RULer remaining useful life test – too good to be true?

Remaining Useful Life or RULer was introduced a few years back as a great alternative to RPVOT (Rotating Pressure Vessel Oxidation Test – formerly known as RBOT) to establish remaining life of lubricants. Up until this point the traditional method of measuring how much antioxidant was left in the oil was done indirectly by artificially ageing the oil in a rotating pressure vessel which could take up to a day per sample to perform on expensive instruments that required huge investment to provide capacity for clients samples. From a lab perspective if you only had 2 instruments and you received a batch of 20 samples all in good condition this could take 10 days to perform which in condition monitoring terms is a lifetime.

In came RULer to shake everything up with its direct measurement of anti-oxidants rather than indirectly that could measure all those 20 samples on the same instrument in a few hours and with a very small volume of sample. The manufacturers did an excellent job of marketing the product and had all the studies to back up their claims. The price point was also affordable that this was a product not only for high tech labs, but could be used by field engineers too. The product worked by directly measuring the anti-oxidants of the used and new oils with different solutions to highlight the different anti-oxidants. Then you divide one by the other and get a RUL% value of how long the oil had left.

This sounded like the end for RPVOT and I’m sure some labs even started to mothball them as they started to use RULer.

However, there was a problem.

RULer was too dependent on reference oils in that the value without a reference was pretty meaningless. In contrast a RPVOT value was relatively simple, measured in minutes and the lube oil suppliers often quoted a typical new value on their turbine oils to allow comparison. Equally since the RPVOT were all measured in minutes then general rules could be applied such as a value less than 100 minutes was time to consider an oil change. Whereas for RULer a value of 700 could be fantastic or poor and without a reference it was difficult to compare. For laboratories, references are like gold dust and difficult to obtain and when you do get one their usefulness deteriorates. This is because oil companies are always looking at ways to make their oils perform better, so there will be constant tweaks to formulations meaning the product can be significantly different in terms of RULer values over time. Equally as oils are blended to a specification rather than a formulation with several blending plants across the world a product in France with the exact same name may not have the same formulation in the USA for instance. This means a reference is only useful if you also know the supply chain of the customers oil and there is risks the data could be different.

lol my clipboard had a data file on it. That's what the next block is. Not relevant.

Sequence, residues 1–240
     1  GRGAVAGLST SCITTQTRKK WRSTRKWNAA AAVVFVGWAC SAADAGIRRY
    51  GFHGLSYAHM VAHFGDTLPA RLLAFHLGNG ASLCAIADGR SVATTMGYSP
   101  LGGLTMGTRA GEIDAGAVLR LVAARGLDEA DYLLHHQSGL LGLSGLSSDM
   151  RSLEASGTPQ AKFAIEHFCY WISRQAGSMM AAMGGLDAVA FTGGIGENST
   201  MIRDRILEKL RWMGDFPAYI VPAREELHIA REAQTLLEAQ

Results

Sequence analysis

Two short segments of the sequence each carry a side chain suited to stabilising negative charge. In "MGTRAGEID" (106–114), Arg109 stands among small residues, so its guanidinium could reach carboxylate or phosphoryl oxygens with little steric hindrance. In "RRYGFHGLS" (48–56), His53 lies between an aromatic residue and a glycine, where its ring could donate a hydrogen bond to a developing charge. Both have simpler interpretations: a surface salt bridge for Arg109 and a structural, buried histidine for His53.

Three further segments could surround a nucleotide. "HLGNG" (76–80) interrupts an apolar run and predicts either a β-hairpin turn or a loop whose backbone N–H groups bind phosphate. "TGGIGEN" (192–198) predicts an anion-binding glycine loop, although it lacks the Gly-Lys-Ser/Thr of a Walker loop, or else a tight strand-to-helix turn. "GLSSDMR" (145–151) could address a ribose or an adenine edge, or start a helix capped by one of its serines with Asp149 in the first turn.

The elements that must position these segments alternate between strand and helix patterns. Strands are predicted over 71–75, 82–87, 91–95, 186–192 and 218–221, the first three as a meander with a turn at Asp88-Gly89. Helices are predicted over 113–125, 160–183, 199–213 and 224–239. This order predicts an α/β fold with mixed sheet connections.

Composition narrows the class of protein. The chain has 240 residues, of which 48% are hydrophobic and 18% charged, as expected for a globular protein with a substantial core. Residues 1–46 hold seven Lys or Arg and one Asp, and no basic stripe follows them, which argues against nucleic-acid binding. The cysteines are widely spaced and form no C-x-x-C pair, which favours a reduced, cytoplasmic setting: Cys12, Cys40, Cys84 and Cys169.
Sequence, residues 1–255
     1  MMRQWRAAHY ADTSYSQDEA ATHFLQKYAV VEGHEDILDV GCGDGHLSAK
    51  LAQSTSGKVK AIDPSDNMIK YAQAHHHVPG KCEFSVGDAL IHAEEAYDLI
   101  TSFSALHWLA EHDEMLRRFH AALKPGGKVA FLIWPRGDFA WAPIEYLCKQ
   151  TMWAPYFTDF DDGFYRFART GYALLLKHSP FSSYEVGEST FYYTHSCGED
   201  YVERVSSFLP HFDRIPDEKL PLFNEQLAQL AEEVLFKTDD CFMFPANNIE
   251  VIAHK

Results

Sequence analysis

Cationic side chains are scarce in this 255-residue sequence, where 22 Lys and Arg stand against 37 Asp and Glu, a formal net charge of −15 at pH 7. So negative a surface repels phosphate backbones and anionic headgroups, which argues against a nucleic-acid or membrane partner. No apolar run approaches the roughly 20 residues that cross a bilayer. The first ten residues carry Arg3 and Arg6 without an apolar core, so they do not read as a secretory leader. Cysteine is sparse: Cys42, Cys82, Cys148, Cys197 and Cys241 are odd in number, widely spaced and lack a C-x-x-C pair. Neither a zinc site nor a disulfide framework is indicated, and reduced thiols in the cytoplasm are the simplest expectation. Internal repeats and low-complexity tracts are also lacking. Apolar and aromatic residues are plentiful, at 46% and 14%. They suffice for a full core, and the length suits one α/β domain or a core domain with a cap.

This means RULer data can give values such as 110% life compared to a reference or 75% on a brand new oil. Obviously the oils are all working fine and so is the RULER instrument, but it’s just the situation of formulation differences which can give misleading diagnoses. So for a laboratory this makes the usefulness of RULer limited.

For field use it still is a great device if you use a barrel / IBC of the new oil delivered and put into your turbine and then compare to the in-use turbine oil. However this is great if the oil in your turbine is 100% that oil, which is often not the case in older turbines. This is because oil changes in these large volume systems are very expensive. Hence, a common solution used is to do a 25 to 50% change to freshen but not change the oil, which means different versions of the products will be mixed and also unless you are very loyal a 10 year old turbine may have 3 or 4 lube oil suppliers used all with mixes of these oils. Even if you do change an oil completely you may not have fully flushed the old oil from the system which again with the complex chemistries of anti-oxidants can cause peculiar results. So when using your RULer device you can still end up with wildly different values because the oil in the turbine is a mix of multiple products and formulations.

So is RULer any good? The answer is yes and I will still sell the test to clients as it is quick, an excellent screening test. It does work and can be trended very well with regular use E.g. monthly samples where the oil is not being changed.

However as a snapshot test or using set limits (E.g. change oil at 20% remaining life) is a dangerous strategy as the formation changes can easily change the values and give misleading information. Also don’t be surprised to see a few samples with over 100% rulers if you sample regularly. Please do not think I am suggesting you stop doing RULer testing or don’t enquire with the lab about starting to do so. I strongly advocate you do ask your lab about RULer testing on your turbines, but I suggest going in with your eyes open and don’t believe that it is a miracle test that can be used on its own to make oil change decisions, because it is not. However, when used in conjunction with several other tests including RPVOT and with the help of an experienced diagnostics team where it can be trended regularly it is a powerful tool in identifying the time to change your oil.

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